clenching my jaws has cracked all my teeth.

But I haven’t, I don’t, I didn’t 

not even when my parents died or 


I got divorced or my children left home,

the kitchen flooded, the roof caved in. 

I only clench slightly at Christmas. 

He says I wouldn't know, it happens at night.


But nor do I sleep. Horses are put down

when they grind away their teeth.

Holding tools mid-air he gently says, 

sometimes violin strings snap.       


I ask my therapist if I’m a violin.

She says, what kind of music do you play? 

like a rush I feel them, deep inside –

that’s where they stay.


The Bee House 

         after Matisse, L’enterrement de Pierrot, 1947


He lies like a captured dolphin 

skin loose on his bones, in preparation,

his room 502, Paris suburbs.         


I’ve brought him honey, but  
it takes him back to last summer:

the swarm inside the Mas. 


It’s good luck, they bring messages

from the other side, he said yet

made me call the bee-catcher. 


The bees fell silent as we sat outside,

as the Cevennes sky turned yellow,

red, black, broken by stars, and he 


kissed my hand like we’d once been lovers.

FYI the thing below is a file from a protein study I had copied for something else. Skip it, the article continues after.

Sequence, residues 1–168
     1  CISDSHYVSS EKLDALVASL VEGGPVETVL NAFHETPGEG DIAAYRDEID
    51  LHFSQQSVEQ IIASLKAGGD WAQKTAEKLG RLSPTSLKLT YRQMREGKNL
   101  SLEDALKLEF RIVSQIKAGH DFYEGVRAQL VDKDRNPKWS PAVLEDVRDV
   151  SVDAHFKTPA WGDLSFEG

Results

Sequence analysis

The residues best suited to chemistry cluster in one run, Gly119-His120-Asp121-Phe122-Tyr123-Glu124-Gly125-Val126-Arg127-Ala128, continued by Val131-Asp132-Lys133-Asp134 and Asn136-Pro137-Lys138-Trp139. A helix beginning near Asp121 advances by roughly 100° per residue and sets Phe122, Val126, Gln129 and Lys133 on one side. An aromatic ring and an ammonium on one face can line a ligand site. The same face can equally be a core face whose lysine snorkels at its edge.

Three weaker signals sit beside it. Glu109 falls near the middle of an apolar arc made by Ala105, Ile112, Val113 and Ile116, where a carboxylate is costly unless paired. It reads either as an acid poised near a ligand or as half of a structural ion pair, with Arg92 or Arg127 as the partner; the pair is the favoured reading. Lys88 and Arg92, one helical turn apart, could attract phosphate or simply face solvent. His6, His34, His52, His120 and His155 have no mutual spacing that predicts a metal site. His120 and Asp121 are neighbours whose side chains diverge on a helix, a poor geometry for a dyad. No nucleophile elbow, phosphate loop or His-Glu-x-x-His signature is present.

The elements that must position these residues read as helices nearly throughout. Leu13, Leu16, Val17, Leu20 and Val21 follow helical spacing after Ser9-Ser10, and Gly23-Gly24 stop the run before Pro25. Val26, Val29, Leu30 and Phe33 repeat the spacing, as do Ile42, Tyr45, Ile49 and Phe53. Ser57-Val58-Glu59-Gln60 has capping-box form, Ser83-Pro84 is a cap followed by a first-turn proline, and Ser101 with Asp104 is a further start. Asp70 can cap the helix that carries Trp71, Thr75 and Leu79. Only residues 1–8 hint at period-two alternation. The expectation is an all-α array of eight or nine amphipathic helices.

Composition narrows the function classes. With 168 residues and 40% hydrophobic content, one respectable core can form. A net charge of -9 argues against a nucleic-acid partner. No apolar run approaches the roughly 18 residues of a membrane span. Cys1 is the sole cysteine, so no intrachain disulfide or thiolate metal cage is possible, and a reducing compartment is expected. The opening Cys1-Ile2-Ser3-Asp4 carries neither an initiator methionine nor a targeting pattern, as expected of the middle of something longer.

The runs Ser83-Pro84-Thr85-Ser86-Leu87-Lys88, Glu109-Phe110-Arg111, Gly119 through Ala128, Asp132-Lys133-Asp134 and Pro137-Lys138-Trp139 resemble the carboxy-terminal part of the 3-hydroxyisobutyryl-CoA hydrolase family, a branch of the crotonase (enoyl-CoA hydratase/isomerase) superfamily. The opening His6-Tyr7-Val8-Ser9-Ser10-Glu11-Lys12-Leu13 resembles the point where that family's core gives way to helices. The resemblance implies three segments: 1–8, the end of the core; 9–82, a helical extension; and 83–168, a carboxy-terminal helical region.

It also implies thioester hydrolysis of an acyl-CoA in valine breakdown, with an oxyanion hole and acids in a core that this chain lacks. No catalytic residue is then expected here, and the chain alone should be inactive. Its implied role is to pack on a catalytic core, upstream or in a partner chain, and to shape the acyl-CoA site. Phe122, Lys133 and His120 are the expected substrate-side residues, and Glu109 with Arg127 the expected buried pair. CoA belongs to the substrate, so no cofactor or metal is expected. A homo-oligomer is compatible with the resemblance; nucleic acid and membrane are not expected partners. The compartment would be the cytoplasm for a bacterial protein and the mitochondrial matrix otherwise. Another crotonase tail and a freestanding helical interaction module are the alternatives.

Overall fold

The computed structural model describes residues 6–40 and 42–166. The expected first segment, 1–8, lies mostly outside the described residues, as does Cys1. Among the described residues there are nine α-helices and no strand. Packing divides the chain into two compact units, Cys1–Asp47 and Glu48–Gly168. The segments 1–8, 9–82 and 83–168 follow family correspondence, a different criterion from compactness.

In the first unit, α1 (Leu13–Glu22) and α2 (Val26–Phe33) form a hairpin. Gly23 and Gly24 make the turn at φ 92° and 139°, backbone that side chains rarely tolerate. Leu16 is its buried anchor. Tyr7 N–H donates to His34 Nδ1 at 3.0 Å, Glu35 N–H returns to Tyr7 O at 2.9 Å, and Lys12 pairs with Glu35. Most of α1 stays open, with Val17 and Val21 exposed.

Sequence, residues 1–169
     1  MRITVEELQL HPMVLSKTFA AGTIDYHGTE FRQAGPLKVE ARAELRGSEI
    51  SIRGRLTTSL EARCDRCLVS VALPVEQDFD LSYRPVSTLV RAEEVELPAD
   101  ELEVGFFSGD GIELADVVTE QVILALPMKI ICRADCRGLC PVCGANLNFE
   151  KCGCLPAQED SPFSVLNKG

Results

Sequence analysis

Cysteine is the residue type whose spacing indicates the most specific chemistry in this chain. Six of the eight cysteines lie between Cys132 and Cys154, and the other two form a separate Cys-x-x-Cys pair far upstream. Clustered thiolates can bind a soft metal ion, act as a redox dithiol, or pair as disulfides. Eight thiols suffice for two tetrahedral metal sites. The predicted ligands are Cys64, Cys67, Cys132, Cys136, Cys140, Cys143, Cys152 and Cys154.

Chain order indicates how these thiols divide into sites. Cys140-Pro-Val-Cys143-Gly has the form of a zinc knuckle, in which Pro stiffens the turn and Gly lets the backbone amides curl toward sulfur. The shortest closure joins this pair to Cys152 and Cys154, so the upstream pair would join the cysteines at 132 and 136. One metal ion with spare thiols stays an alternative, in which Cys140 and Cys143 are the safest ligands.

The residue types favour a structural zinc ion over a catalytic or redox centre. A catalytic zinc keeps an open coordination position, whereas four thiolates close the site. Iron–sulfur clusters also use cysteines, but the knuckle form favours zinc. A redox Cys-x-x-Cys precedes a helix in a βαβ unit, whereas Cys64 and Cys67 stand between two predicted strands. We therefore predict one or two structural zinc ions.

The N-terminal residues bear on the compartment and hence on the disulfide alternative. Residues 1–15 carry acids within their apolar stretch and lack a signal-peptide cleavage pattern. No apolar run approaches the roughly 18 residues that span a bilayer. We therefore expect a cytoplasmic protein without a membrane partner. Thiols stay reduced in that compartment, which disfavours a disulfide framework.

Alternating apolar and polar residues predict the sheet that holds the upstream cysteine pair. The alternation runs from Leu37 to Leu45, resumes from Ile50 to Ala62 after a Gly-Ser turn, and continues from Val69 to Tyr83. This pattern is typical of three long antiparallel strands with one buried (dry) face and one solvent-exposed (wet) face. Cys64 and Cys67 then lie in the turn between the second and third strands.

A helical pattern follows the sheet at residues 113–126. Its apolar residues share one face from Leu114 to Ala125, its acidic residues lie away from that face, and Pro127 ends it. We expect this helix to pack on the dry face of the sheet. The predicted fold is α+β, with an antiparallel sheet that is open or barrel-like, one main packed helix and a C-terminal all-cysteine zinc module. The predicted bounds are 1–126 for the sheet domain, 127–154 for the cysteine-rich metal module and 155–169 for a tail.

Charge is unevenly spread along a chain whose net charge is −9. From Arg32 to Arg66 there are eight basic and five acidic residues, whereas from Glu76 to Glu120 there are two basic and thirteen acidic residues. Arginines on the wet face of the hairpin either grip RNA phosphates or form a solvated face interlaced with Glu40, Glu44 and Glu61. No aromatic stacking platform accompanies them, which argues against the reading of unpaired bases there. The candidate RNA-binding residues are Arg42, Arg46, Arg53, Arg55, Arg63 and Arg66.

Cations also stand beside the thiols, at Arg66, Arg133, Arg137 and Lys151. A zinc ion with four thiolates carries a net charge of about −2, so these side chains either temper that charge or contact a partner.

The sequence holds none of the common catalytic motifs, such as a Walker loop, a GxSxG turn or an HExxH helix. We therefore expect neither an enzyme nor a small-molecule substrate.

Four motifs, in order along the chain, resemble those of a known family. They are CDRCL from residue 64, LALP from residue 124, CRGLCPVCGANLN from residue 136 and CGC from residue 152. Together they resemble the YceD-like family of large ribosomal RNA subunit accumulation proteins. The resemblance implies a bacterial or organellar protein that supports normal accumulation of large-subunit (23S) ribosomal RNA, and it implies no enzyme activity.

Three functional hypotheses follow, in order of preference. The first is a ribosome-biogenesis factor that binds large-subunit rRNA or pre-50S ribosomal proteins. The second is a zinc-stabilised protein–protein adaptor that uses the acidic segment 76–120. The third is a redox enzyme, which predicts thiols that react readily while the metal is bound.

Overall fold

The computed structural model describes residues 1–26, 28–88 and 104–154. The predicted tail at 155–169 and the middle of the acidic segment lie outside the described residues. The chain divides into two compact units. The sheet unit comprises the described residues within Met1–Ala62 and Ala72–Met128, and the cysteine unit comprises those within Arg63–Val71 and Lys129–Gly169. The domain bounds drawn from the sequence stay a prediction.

In his silent aquarium, I take his hand: 

you’ll be with the bees, on the other side. 


Slowly his smile returns: he lists 

girlfriends from his eighty-eight years.

They’ll all come, crying like mermaids, 


flinging knives. His look asks if I will too. 

I say, Pierrot’s name will be eclipsed 

by his, white horses will carry him forth.

 

published poems etc 

online

'Mothwings' in Bridges Journal, 2018

'The General's Widow' and 'Chemistry of Tears' in Momaya 'Masks' Poetry Review, 2019

'Bluebeard's Cousin' in Ink, Sweat and Tears poetry magazine 2019

'Breton Girl Spinning' in Sentinel Quarterly Poetry Journal 2016

The Making of Dreams’ in Blue Nib Poetry Journal 2020

'Restocking after the Break' in Blue Nib Poetry Journal 2020

print

Coldweather Anthology, 2019

Coldweather Anthology, 2018

Metaphor for Women, 2015

Bridges Anthology, 2018

Bridges Anthology, 2019

Poetry from Tate Modern, 2010

Poetry from Tate Modern, 2011

fiction

The Kilim Bride and Other Stories, 2017

‘Lordywens’ in Mechanical Institute Review 9, 2012, 

‘River Chants’ in Decongested Tales, 2011

The Threshold Guardian’ in The Writers Hub, 2011   

The Tale of Vérité’ in The Writers Hub, 2012 

competitions

first prize

Momaya International Poetry Competition, 2019

commended

Sentinel, 2016

Momaya, 2019

shortlisted

Bridport, 2013, 2014, 2015, 2016, 2017, 2018

'Breton Girl Spinning, 1889,' Wasafiri New Writing Prize, 2011

longlisted 

Mslexia, 2014

Torbay Poetry Prize, 2018

Primers 1, 2016

 

Red Door Poets


Red Door Poets was set up in 2015.

We are a closed group of established

poets who meet fortnightly in London

and give periodic public readings. 

Chris Hardy

Gillie Robic 

Katie Griffiths

Matthew Paul

Hanne Busck-Nielsen

Elizabeth Horsley

Tom Cunliffe

Beatriz Echeverri

Mary Mulholland